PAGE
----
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The most annoying statement "listen to your body"!

stonehousestonehouse Posts: 222
My body is a lying never to be trusted censored .

If I listened to *my* body I'd never train! Unless I've gone past the 15 minute mark I have no idea if I'm able to put in a good effort, almost always the first 10-15 minutes feel like I've got the flu (lazy bastarditus) or something and just want to give up, once I'm past that I'm fine, well kinda of, to the best I can manage anyway!

Some of my best training sessions have been after ignoring *my* body.... am I alone?

Posts

  • PokerfacePokerface Posts: 7,960
    My body is telling me to take a day off today. So I will.
  • Eddy SEddy S Posts: 1,013
    The trick is to learn to differentiate between listening to your body

    and

    ...ignoring your mind which is pretending to be your body as it tells you porkies! :lol:
    I’m a sprinter – I warmed up yesterday.
  • dennisndennisn Posts: 10,601
    edited March 2010
    You're not alone. You hear stuff like that all the time. It's a catch phrase that people
    like to use to sound like they know what they are talking about. Now maybe if you're a pro athelete and you spend all your time training, eating, resting, racing, and repeating, well, then maybe you can get a handle on what your body is telling you. On the other hand you will sometimes read a pro diary and it will say something like "...sick as a dog yesterday but so and so talked me into going out on a recovery ride. It was miserable, but I feel a bit better today. Ready to race tomorrow.". To be honest, that tells me that maybe they don't have much more of a clue than I do. It's just a matter of the old saying "gotta ride, gotta ride" and hope for the best tomorrow.
  • chrisw12chrisw12 Posts: 1,246
    Yes I'm finding exactly the same. The first 15 min of every ride seems to be the deal breaker, always feel absolutely terrible and always think why am I bothering, I'm too tired/overtrained/blah blah, but then I normally feel great.

    On the flip side if I'm racing i always start feeling on top of the world, it's only with the result at the end do i realise that i might have been in a fatigued state.

    The body/mind lies, number's don't, so I'm about to put all my faith into the numbers and into the performance manager in wko. listening to my body simply aint working for me.
  • AnonymousAnonymous Posts: 79,667
    My body just keeps telling me "hey, you. Yes, you, the fat one with the glasses. See that pie there? Get it for me please."
  • ride_wheneverride_whenever Posts: 13,279
    It's a case of learning the difference between being tired and actually overtraining/injury.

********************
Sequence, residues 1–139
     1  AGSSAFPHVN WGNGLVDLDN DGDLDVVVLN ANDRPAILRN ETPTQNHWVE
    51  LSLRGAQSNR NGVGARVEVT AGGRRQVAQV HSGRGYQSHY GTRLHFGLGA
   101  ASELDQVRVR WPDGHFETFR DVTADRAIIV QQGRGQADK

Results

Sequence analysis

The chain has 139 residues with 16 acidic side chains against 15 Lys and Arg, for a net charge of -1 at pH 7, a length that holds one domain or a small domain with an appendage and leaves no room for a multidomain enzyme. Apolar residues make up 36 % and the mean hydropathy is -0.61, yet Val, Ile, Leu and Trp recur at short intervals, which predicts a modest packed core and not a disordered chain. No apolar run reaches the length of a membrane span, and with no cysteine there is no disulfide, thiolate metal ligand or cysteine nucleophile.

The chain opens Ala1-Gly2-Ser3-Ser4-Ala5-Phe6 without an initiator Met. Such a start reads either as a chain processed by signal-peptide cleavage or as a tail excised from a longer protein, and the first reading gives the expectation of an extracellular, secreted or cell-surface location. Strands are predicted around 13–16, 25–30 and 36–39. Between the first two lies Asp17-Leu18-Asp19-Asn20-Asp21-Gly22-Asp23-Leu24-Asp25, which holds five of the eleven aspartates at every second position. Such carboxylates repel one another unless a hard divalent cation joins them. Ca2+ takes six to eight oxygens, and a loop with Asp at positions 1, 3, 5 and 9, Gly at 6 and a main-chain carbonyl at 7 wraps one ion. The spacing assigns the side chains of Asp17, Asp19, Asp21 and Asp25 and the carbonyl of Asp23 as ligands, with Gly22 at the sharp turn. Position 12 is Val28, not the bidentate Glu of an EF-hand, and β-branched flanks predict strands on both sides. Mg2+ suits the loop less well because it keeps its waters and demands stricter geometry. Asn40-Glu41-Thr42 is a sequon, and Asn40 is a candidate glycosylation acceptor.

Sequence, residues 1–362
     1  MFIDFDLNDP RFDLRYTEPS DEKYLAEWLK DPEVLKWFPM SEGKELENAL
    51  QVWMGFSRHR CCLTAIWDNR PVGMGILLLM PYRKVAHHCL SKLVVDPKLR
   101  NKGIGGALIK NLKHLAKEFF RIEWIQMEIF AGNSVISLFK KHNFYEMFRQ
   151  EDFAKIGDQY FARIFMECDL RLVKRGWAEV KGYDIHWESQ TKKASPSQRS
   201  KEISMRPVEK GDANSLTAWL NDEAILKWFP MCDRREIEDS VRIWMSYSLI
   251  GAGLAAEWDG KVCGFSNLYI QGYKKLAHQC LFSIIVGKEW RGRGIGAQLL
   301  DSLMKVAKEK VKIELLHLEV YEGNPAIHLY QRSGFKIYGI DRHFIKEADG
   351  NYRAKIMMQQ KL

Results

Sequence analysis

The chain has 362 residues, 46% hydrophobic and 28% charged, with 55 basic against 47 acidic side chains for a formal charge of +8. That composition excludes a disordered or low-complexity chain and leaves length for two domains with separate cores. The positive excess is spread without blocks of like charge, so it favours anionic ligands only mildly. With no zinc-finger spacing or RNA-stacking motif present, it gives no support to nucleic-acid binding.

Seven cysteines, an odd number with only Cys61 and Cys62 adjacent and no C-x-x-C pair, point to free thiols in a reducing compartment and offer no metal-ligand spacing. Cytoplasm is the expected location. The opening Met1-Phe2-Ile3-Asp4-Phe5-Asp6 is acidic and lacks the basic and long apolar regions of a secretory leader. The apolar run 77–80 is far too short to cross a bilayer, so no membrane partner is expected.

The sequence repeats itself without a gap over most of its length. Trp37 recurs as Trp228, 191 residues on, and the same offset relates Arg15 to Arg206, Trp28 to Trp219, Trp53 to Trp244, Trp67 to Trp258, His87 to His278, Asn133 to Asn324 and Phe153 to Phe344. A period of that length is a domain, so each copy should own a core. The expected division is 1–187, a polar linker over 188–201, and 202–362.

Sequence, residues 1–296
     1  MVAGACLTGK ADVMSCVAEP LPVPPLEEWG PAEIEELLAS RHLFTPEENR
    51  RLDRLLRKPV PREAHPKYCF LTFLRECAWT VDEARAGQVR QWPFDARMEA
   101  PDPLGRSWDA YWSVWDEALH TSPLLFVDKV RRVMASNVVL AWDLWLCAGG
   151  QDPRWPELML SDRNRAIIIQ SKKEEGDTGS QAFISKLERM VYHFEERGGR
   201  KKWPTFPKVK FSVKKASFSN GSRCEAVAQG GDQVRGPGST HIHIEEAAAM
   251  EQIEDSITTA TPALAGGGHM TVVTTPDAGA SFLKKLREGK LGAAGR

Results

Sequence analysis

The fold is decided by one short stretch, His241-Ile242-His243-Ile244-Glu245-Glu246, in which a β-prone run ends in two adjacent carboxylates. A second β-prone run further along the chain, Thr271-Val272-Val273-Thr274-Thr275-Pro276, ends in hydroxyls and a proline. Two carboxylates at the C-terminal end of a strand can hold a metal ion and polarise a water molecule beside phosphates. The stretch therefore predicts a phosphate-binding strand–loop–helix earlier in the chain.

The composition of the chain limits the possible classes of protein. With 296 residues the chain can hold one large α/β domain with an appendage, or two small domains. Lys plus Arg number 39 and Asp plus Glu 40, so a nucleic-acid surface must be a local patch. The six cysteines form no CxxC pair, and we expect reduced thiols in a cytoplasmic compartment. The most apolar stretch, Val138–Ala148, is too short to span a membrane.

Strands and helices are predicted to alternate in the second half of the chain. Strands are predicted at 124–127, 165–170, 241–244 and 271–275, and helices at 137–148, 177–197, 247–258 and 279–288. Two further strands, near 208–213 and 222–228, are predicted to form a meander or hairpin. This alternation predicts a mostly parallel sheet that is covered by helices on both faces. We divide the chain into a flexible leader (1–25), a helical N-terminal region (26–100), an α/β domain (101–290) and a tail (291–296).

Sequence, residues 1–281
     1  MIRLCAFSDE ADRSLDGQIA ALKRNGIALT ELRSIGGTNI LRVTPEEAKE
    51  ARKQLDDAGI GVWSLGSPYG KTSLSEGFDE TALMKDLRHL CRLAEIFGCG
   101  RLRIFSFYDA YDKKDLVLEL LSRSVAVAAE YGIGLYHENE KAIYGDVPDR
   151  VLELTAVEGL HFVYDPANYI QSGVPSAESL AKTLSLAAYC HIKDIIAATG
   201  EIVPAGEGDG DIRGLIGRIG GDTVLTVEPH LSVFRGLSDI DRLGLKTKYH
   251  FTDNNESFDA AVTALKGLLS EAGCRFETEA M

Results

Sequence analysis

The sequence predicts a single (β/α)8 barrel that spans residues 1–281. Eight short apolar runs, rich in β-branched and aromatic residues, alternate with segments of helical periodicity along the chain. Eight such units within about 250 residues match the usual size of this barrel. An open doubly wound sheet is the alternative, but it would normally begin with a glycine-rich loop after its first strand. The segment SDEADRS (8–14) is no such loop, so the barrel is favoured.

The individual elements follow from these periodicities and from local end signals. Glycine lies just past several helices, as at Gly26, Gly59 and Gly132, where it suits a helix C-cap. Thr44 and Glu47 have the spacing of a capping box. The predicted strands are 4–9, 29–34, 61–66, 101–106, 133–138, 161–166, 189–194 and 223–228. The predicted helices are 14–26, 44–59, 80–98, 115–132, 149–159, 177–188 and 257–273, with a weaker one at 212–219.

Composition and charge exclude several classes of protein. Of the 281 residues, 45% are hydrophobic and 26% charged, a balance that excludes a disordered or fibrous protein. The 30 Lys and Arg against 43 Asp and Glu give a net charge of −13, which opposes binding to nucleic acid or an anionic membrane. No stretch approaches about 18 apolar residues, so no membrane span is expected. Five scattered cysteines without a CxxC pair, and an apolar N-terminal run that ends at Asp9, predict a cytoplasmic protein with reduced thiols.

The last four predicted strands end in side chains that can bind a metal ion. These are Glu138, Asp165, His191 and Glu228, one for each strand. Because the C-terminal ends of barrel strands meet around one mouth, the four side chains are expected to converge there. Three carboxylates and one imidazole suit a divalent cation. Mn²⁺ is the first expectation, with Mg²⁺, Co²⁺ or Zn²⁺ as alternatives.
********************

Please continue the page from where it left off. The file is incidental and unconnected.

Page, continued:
Which generally only comes from MTFU and breaking yourself
  • BeaconRuthBeaconRuth Posts: 2,086
    ........ MTFU.........
    That completely trumps "listen to your body" as the most annoying statement.

    Ruth
  • DaSyDaSy Posts: 599
    My body has nothing useful to say to me at all...

    Often my best rides are ones that start off with me feeling dead on my feet, aching and lethargic, only to ride well and feel strong at the end.

    Conversely I have at least learnt that if I start out feeling great, strong legs and good breathing, I will die on my censored halfway round, and limp home like a forlorn puppy.

    My body is a bad man, it lies, lets me down, and says nothing, yet says it too loud.
    Complicating matters since 1965
  • tuxpootuxpoo Posts: 138
    NapoleonD wrote:
    My body just keeps telling me "hey, you. Yes, you, the fat one with the glasses. See that pie there? Get it for me please."

    Brilliant!

    Thats me ... but i dont wear glasses
  • thiscocksthiscocks Posts: 549
    My body usually says:

    fuuuuuuuu.jpg
  • dealdeal Posts: 857
    My knee says no, unfortunately my doctor agrees :cry:
  • stonehousestonehouse Posts: 222
    Don't rely on a doctors opinion, I'd given up cycling if I had. Get him/her to refer you onto a surgeon you get a much better assesment, or at least that was my mileage.
  • nolfnolf Posts: 1,287
    Mine always says, "you're ill and can't train today!"

    I've levelled that down to, "you're ill, better take it easy for the first 5 miles".

    Generally I try to only take a dayoff if the walk to work/the library exhausts me, if so, I rest.
    "I hold it true, what'er befall;
    I feel it, when I sorrow most;
    'Tis better to have loved and lost;
    Than never to have loved at all."

    Alfred Tennyson
  • ireland57ireland57 Posts: 84
    Mine often says "do it tomorrow" and "stay on the couch".

    I'm sure most of you knew of Ayrton Senna (F1 World Champ).
    He gave a speech to the media many years ago in Adelaide which basically said:-

    "You have to train your mind to tell your body what you want it to do, not what your body wants to do".

    And on that note I'm walking the dog Mon am, not having a morning coffee. :oops: :shock:
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